Sailing demands skill and nerve to master the ever-changing water and weather conditions at the 1964 Games legacy venue of Enoshima Yacht Harbour.
Tokyo 2020 competition animation "One Minute, One Sport"
We will show you the rules and highlights of sailing in one minute. Whether you are familiar with sailing or want to know more about it, "One Minute, One Sport" explains the sport and how it works. Watch the video below.
Sailing has a long history in the Olympic Games. The sport made its debut in 1900; with the exception of 1904, it has appeared at every Olympic Games since then. The sport's name was changed from ‘yachting’ to ‘sailing’ at the Sydney 2000 Games.
The Tokyo 2020 Sailing competition will have six (6) classes, four (4) of them, namely Laser, RS:X, 470 and 49er, competed on by men and women. The Finn is the oldest class in the Olympic programme, raced since Helsinki 1952, and is only for men. Two (2) classes will make their second appearance on the Olympic programme. The 49er FX Skiff for women and the Nacra 17 - a catamaran and mixed event - made their debut in Rio 2016. For Tokyo 2020, the Nacra 17 has evolved to become a fully foiling boat meaning it literally flies above the water.
- RS:X - Windsurfer (Men/Women)
- Laser - One Person Dinghy (Men)
- Laser Radial - One Person Dinghy (Women)
- Finn - One Person Dinghy (Heavyweight) (Men)
- 470 - Two Person Dinghy (Men/Women)
- 49er - Skiff (Men)
- 49er FX - Skiff (Women)
- Nacra 17 Foiling - Mixed Multihull
The mixed Nacra 17 Foiling – Mixed Multihull and women-only 49er FX – Skiff, events were first staged at Rio 2016.
Each event consists of a series of races. Points in each race are awarded according to position: the winner gets one point, the second-placed finisher scores two, and so on. The final race is called the medal race, for which points are doubled. Following the medal race, the individual or crew with the fewest total points is declared the winner.
During races, boats navigate a course shaped like an enormous triangle, heading for the finish line after they contend with the wind from all three directions. They must pass marker buoys a certain number of times and in a predetermined order.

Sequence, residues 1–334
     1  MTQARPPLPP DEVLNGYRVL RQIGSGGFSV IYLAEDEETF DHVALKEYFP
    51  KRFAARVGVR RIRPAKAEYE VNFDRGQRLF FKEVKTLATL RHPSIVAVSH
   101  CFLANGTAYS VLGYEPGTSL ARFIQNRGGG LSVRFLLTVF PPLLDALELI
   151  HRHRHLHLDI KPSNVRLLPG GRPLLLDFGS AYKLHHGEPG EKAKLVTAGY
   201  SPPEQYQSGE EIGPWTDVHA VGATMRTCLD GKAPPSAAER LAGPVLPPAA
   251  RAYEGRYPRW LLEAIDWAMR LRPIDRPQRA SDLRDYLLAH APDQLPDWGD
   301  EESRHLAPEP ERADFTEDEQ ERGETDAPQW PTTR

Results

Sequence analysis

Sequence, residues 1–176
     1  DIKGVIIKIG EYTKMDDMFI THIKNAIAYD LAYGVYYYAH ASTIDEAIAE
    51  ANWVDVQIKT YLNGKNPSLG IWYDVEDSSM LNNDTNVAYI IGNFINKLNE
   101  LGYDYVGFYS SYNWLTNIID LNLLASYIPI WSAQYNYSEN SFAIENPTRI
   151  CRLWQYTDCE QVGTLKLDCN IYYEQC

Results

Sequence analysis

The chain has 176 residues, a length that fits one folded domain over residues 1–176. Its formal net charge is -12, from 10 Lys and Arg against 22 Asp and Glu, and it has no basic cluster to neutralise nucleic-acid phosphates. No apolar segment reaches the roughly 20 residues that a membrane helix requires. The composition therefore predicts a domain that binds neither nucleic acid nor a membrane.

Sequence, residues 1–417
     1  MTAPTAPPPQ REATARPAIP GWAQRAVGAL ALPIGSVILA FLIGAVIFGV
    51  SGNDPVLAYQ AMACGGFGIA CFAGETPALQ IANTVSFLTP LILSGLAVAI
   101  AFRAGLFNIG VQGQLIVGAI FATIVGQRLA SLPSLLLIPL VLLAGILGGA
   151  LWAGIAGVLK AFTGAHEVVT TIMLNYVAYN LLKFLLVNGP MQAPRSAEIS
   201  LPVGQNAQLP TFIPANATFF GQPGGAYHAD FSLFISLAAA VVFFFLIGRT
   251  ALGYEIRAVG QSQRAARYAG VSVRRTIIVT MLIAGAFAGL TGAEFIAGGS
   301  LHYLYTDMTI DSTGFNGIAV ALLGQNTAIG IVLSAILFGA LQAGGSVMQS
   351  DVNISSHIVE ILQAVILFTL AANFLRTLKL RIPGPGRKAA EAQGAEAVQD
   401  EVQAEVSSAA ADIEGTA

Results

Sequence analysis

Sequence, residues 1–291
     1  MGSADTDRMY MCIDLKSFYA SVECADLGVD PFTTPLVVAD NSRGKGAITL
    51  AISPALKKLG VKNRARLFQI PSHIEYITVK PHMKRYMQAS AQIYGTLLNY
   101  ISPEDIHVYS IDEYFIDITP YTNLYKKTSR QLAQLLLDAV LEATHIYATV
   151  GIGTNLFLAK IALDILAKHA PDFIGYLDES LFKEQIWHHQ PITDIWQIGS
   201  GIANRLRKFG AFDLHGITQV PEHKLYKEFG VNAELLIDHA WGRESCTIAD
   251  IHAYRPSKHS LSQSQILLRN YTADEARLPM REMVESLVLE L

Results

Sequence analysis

International Federation: World Sailing
Conquering the ocean waters
Sailing is not only a race against other boats but a battle with nature: the height of the waves, the pull of the tides, the strength of the wind and other climatic factors.
It's not possible for boats to sail in a straight line along each leg of the course. When sailing with a headwind or beam wind, boats must catch the wind by moving in a zig-zag pattern. Negotiating the course requires bold changes in direction and tight turns, with crews controlling their vessels by changing the position and orientation of their bodies.
This also demands the mental agility and toughness to adapt to changes in the environment and to the tactics of rival crews.
A sport with global appeal
Great Britain has won the most gold medals in sailing, which reflects its status as the country where the competitive sport developed. Close behind is the USA, while other perennial medal-winners include Norway, Spain and France, more recently, Australia and New Zealand have attracted attention for their efforts to break the European/USA dominance.
In the Men's 470 – Two Person Dinghy class, two-person crews sail boats measuring 4.7 metres in length. Australia, the USA and Great Britain have generally divided the gold medals among themselves, although Croatia fielded a gold medal-winning team at the Rio 2016 Games. In the Women's 470 – Two Person Dinghy, Australia, New Zealand, Great Britain and Netherlands have vied for gold at the last three Games.
The Finn – One Person Dinghy is sailing's oldest event. Great Britain has lived up to its reputation as the country where the sport was born by winning five straight gold medals, while Australia has won two successive golds in the Laser – One Person Dinghy, which uses a type of boat that enjoys broad popularity worldwide.
Japan is the venue for the sailing World Cup Series from 2017 through to 2020, enabling athletes to familiarise themselves with some of the waters on which they will compete at the Games. These events will give an exciting foretaste of what to expect in the summer of 2020.
If a violation occurs during a race, such as interfering or contacting with another boat, a protest can be made after finishing the race, and the result of the race may be overturned. However, in a medal race, the result is considered final immediately after the race finishes. Why?Answer
In a medal race, there are many escorting umpire vessels, and violations are judged on the water.
As of 20 Nov 2019
- Enoshima Yacht Harbour